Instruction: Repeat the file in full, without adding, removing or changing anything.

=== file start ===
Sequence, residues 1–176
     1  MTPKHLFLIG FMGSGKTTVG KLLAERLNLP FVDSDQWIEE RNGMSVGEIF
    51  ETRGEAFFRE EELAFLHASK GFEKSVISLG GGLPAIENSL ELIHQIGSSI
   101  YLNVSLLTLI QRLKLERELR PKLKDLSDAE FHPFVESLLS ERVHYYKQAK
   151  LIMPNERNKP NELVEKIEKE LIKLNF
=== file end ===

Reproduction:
Sequence, residues 1–176
     1  MTPKHLFLIG FMGSGKTTVG KLLAERLNLP FVDSDQWIEE RNGMSVGEIF
    51  ETRGEAFFRE EELAFLHASK GFEKSVISLG GGLPAIENSL ELIHQIGSSI
   101  YLNVSLLTLI QRLKLERELR PKLKDLSDAE FHPFVESLLS ERVHYYKQAK
   151  LIMPNERNKP NELVEKIEKE LIKLNF